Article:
(END VIDEO CLIP)

ROMANS: Meantime, the damage mounts. China retaliated on $60 billion worth of U.S. exports. Those tariffs started Friday on American cotton, machinery, grains, and aircraft parts.

Also Friday, Trump revoked India's special trade status, which exempted Indian goods from import tariffs last year -- a huge market for U.S. manufacturers, too.

And this morning, "The New York Times" is reporting the administration is considering tariffs on aluminum from Australia.

As trade tensions rise, the president's chief economist, by the way, is stepping down. Kevin Hassett is the chairman of the president's Council of Economic Advisers. It's a position seen as the White House's chief economist.

Hassett tells CNN that no one asked to leave and that's it normal for the chairman to step down after a couple of years. Not clear when he will officially leave the role or who will replace him, guys.

BERMAN: All right, Christine Romans. Thank you very much. Tariff- happy at the White House.

All right.

There's a really interesting news story about the Trump administration's motivations for putting a citizenship question in the census. That story just out. The thing is that these new details were discovered weeks after the Supreme Court heard a case on this.

John Avlon with a reality check -- sir.

JOHN AVLON, CNN SENIOR POLITICAL ANALYST: Hey, guys.

So, it's the first Monday in June and you know what that means. No, not the first day of summer vacation. It's the first day that Supreme Court opinions could come down.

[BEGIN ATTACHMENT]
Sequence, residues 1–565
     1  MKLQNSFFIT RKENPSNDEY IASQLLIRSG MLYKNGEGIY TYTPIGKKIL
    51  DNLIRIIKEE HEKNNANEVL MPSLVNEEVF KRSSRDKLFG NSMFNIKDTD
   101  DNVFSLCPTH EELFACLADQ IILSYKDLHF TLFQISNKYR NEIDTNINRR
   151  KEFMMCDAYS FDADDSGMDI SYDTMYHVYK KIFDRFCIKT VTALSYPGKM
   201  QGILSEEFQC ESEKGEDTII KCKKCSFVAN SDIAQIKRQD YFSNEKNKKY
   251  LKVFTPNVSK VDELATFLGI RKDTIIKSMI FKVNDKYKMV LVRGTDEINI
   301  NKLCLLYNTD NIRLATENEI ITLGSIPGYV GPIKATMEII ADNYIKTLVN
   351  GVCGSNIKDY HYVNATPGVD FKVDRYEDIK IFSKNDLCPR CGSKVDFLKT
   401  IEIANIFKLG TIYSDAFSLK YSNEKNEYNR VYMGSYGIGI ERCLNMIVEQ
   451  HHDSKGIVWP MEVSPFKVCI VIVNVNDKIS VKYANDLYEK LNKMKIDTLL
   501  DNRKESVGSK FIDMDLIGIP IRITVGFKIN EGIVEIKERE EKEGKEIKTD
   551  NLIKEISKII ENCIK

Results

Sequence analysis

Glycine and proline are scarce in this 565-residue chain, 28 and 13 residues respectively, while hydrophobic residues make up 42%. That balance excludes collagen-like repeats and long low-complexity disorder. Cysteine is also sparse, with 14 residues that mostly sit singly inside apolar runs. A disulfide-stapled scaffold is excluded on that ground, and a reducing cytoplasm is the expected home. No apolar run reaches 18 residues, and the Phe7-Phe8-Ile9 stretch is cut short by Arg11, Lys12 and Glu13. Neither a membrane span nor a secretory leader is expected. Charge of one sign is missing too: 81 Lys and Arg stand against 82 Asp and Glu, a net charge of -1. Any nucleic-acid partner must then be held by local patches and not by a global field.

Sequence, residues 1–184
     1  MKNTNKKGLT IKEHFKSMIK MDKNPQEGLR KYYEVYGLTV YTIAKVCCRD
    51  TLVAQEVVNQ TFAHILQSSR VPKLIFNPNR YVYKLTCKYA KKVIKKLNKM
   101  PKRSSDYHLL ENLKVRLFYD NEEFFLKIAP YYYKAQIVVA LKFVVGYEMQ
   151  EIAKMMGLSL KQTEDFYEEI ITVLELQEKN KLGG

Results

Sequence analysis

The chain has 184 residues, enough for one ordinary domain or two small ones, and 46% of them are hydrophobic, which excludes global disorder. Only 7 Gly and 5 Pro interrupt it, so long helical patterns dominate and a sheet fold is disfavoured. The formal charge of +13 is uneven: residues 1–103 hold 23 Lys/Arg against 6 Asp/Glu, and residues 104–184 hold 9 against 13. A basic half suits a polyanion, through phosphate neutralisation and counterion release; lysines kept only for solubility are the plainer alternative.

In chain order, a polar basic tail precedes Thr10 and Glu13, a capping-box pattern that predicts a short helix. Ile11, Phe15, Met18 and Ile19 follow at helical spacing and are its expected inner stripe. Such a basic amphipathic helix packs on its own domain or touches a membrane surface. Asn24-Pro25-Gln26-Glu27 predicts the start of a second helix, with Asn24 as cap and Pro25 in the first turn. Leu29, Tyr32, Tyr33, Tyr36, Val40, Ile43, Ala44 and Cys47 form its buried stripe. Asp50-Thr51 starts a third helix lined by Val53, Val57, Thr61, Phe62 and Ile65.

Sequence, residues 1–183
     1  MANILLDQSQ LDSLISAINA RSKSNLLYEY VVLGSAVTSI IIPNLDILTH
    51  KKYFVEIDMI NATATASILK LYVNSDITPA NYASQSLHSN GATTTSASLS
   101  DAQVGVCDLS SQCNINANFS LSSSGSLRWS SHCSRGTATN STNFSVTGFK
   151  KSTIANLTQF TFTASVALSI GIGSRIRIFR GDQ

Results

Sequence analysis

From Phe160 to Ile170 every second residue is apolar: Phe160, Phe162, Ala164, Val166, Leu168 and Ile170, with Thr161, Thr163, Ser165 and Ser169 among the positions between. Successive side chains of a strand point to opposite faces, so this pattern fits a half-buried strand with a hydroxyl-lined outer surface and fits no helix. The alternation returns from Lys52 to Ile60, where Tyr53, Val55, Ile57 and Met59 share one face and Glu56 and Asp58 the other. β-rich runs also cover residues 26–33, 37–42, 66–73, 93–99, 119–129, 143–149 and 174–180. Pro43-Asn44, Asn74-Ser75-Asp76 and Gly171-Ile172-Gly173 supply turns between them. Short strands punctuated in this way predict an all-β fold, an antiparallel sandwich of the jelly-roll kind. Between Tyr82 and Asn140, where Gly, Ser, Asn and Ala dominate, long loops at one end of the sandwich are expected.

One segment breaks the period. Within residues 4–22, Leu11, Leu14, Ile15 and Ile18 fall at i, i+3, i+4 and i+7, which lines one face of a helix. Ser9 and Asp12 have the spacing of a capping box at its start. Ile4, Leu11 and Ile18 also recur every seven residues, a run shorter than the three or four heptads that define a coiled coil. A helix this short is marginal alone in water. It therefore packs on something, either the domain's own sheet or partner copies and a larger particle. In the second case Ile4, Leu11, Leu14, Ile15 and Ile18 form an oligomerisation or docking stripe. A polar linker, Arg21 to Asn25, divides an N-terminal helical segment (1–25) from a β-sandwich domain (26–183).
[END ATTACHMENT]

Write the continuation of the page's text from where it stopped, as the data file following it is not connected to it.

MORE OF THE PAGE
And on the docket this year are cases that could have major implications for the direction of our democracy from whether the population will be accurately counted in the upcoming census to whether the rigged system of redistricting will finally be reined in. So, yes, it's all kind of a big deal.

And late last week, revealing new documents surfaced more than a month after justices heard a census case. Let me explain.

So, we've told you about Commerce Sec. Wilbur Ross's cringeworthy congressional testimony where he tried to explain just why the Trump administration wanted to add a question about citizenship. The problem is that he appeared to have been caught in a lie.

Now, Ross said the new census question was a request from the Justice Department but documents show that he was really responding to immigration hardliners. Experts at the Census Department were against the idea from the jump, estimating it would lead to millions of people being undercounted.